On the other hand, I’ve had many patients, younger than 40, including a former NFL player, thrilled with their allograft, albeit usually revisions or second and third ACL surgeries. My surgeon asked how many of his allografts I have seen fail, and honestly, I can’t think of any in the past 5 years. And who’s to say, maybe they didn’t decide to proceed with another ACL surgery or have gone somewhere else. We just don’t really know. There is just something about knowing it is weaker that will bug me.
The reasons for choosing allografts are less pain, no donor site morbidity, and “quicker” return to sports; however, allografts take longer to heal (Poehling 2005). The notion that people are ready to return to sports “quicker” with allografts is false considering it takes an allograft longer to incorporate into the tunnel. Further, after performing functional testing for ‘Return To Sports’ of all graft types, it is fairly consistent that 6 months is too early for everyone. Every. Single. Graft.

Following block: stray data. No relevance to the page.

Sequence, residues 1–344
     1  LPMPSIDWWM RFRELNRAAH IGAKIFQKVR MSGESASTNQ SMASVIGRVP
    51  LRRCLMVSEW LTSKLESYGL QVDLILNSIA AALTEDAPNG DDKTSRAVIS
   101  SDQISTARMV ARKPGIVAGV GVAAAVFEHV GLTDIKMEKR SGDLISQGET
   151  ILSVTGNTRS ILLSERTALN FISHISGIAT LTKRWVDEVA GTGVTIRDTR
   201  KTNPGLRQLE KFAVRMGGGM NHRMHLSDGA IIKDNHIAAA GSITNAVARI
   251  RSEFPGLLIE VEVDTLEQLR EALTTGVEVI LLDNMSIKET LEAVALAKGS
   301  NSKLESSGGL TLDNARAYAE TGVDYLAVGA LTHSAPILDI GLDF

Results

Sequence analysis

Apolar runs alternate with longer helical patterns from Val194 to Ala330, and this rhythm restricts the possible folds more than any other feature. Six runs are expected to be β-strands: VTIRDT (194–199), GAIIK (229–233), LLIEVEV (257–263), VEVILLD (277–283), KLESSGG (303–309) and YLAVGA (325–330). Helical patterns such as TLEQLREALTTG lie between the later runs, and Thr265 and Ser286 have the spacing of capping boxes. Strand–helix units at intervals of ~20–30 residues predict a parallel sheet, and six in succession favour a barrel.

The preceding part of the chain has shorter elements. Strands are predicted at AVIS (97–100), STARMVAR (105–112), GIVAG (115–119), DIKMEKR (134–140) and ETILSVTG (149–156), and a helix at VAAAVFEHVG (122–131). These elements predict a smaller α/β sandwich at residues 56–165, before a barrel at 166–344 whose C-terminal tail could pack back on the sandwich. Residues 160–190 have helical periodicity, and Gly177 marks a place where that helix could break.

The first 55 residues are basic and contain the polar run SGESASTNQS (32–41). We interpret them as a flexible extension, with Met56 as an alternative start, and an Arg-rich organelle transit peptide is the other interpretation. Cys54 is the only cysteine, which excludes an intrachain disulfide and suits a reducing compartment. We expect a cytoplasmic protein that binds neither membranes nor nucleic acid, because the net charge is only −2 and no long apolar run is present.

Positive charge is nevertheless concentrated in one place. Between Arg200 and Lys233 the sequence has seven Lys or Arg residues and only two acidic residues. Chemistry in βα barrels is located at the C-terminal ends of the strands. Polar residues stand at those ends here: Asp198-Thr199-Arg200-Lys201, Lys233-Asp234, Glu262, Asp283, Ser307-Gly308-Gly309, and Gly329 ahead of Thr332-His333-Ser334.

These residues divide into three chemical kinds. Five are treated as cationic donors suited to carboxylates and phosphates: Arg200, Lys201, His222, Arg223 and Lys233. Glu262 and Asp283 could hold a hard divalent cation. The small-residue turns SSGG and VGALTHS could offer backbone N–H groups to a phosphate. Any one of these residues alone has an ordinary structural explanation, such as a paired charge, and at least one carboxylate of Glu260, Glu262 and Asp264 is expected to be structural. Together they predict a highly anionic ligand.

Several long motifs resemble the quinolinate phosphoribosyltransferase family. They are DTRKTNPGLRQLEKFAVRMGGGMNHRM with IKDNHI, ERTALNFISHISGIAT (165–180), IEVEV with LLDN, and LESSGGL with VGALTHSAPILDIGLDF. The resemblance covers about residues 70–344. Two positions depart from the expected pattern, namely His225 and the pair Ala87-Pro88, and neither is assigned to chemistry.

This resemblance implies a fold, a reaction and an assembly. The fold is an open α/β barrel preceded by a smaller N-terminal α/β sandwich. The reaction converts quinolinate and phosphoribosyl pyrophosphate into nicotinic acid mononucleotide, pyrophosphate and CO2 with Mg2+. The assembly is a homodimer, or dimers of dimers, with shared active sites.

Using the semitendinosis hamstring alone or with the gracilis is another graft option. I do not like to see hamstring autografts in females. That is my very strong bias. Like most women, I would likely not have enough hamstring tendon for a decent sized graft, despite all those dead lifts at the gym. My other bias is that they creep. I feel more laxity in them. Maybe it doesn’t make a difference functionally, but I feel it. I know it is there.
The hamstrings are also an internal rotator of the tibia. From a biomechanical perspective, this loss may result in excessive tibial external rotation. There are no studies looking at the implications of this (Carofino 2005), but in my opinion, rotary stability may be altered. I will add that I have rehabilitated hundreds of patients with hamstring autografts and they do seem to get their quads back faster and subjectively do not feel unstable. They do very well.